6 Apr 2019

Armed police at some of this year's Anzac Day services

8:19 pm on 6 April 2019

Armed police will patrol some of this year's Anzac Day services.

Armed police at the area where graves are being prepared. 20 March 2019

Photo: AFP

With heightened security measures in place and increased police presence throughout the country since the 15 March mosque attacks, the Returned Services Association (RSA) has said it would be working with police to ensure public safety ahead of this year's ANZAC Day services.

Police assistant commissioner Mike Rusbatch said there was no specific threat at Anzac Day services, but they would be providing a visible presence nationwide to reassure the public.

He said under the firearms directive, officers would be armed, but it could be reviewed.

RSA president BJ Clark said he supported the police being armed on the day.

It was "responsible action" that would make remembrance services safe for everyone.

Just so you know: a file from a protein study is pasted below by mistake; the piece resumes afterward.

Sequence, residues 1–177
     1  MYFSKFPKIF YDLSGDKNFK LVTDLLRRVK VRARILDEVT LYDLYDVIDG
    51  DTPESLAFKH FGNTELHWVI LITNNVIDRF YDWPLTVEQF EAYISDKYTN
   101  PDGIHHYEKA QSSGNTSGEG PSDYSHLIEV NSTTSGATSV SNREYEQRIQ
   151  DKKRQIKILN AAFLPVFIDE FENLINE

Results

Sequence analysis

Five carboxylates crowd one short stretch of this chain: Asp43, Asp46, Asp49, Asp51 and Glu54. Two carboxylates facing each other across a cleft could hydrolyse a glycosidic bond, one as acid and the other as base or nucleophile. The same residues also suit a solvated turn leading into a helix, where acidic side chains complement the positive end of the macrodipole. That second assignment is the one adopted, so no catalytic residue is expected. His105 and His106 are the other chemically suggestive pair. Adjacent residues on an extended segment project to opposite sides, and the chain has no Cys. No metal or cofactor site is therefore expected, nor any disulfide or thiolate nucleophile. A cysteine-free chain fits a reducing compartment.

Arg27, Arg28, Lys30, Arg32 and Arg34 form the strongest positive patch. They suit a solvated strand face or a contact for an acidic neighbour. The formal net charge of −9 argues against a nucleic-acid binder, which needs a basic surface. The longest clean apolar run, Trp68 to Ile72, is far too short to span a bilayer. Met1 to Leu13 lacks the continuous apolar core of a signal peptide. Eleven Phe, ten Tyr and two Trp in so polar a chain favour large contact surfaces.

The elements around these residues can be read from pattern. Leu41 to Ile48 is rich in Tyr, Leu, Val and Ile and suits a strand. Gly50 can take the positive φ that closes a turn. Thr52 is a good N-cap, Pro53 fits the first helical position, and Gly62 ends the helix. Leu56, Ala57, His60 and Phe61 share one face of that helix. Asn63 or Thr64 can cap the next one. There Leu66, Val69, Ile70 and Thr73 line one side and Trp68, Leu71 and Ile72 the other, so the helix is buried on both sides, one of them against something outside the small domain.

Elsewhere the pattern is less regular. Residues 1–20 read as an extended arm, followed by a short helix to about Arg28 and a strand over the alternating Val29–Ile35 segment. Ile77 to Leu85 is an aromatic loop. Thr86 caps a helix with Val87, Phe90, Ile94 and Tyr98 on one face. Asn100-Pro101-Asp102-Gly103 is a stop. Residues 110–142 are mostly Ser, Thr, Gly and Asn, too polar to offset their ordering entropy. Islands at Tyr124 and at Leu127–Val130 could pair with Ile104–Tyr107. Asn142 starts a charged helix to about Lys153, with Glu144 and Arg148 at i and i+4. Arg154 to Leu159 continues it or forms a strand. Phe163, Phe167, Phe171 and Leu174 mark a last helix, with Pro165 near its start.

"This is a public service and so, whilst we are not aware of any threat, we need to ensure that the public are kept safe."

Mr Clark said some RSAs would combine their services to make it easier for the police to patrol after advice from the police.

However, it would be up to each district to decide how their services would run.

Mr Clark said he was saddened to hear a Muslim prayer honouring victims of the Christchurch mosque attacks was pulled from the Porirua service due to threats by members of the public.

Mr Clark said a Muslim prayer was more likely to be included in civic services on ANZAC Day instead of dawn services.

"I think a civic service later on, where the public are more involved, is probably the appropriate occasion to acknowledge the tragic events in Christchurch," he said.

He said there would be no tolerance for hatred of any kind at this year's services.

"There is no room for this sort of behaviour in our nation; it just makes things worse and vitriol of this kind will not be accepted by anyone."

Mr Clark said this was not the first time protests and other unwanted behaviour had taken the attention away from ANZAC Day services, and people needed to remember what the day is about.

"This is about remembering the people that have served our country."

He said the number of people attending ANZAC Day commemoration services had increased in recent years and did not expect the increased security measures to impact this year's attendance figures.

Get the RNZ app

for ad-free news and current affairs